Monmouth College Political Science Majors Arrenius, Shook Present Research on the Culture Wars in College Classrooms at Graduate-Level Conference


A pair of Monmouth College students recently presented their political science research about the culture wars in college classrooms they have conducted.

Along with their professor, Andre Audette, Brady Arrenius ’25 of Bartlett, Illinois, and Cameron Shook ’25 of Morton, Illinois, made a presentation at the Henry Symposium on Religion and Public Life, which was held at Calvin University in Grand Rapids, Michigan.

“The main takeaway of our research is that although religiosity influences punitive attitudes toward professors who make politically uncivil comments in class, different denominations were all very similar in their punitive level,” said Arrenius.

The Monmouth trio hopes to publish their paper, “Classroom Culture Wars: Experimental Evidence of the Influence of Religion on Educational Content Regulation and Punishment,” in the near future.

“No matter if the comments by the professor were made about Democrats, Republicans or students themselves, the religious groups did not differ in their response to wanting to punish the professor,” said Shook.

Another takeaway for Arrenius was the paper’s literature review.

“We could weave different areas of literature and research into our literature review, including political science, law, religion and psychology,” he said.

The purpose of the three-day symposium is to provide opportunities to share current research, foster personal and professional networks, facilitate joint research endeavors, and learn about research opportunities in the field. Both Arrenius and Shook appreciated the opportunity to be immersed in the conference experience.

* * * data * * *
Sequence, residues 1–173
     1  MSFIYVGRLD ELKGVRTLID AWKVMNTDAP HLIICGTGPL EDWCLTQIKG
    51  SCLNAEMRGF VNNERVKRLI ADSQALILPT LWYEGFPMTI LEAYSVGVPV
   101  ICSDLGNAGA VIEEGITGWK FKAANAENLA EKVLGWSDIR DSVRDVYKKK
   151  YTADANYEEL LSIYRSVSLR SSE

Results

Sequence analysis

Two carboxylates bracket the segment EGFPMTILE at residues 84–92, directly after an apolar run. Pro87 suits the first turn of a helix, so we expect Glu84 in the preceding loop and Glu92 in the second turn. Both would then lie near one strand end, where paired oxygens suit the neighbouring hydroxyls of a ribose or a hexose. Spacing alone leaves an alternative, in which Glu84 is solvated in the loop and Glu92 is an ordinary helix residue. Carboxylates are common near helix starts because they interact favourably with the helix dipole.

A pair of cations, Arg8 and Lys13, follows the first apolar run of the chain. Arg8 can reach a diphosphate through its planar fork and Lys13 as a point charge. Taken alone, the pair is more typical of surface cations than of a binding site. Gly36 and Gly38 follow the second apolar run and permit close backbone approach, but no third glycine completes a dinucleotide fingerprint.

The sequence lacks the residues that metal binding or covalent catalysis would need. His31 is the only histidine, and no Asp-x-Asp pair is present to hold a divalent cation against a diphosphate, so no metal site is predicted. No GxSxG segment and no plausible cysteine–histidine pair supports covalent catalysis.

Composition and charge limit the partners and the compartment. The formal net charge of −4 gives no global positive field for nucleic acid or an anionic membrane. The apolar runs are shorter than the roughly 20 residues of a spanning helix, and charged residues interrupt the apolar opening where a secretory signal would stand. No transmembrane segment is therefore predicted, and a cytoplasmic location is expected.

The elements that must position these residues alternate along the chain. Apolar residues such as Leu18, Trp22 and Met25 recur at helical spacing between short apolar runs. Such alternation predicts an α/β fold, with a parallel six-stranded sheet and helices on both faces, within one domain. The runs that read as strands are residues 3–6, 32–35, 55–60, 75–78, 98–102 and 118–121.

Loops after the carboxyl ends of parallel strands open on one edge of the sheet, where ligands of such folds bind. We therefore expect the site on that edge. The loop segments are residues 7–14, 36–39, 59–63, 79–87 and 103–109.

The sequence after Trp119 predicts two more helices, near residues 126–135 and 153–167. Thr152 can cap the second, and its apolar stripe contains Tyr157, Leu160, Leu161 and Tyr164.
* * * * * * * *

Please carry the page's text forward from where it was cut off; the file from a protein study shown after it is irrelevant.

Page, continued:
“We had the opportunity to meet the political scientists – ‘the Gang of Four’ – who established the field of religion and politics, and a variety of political scientists who presented all types of religion and politics-based research, some involving the Speaker of the House, views on military force, and attitudes toward Israel,” said Shook. “It was beneficial to engage in academic discussions with people from a variety of interests, colleges and areas around the country.”

Other than Arrenius and Shook, the conference was attended exclusively by graduate students, which made the event especially memorable.

“Being around brilliant people in academia was an intellectually stimulating experience,” said Arrenius. “Being able to network and make connections with people in my field was also a great opportunity in and of itself, and those connections will prove to be beneficial in my future in academia.”

***Courtesy of Barry McNamara, Monmouth College***

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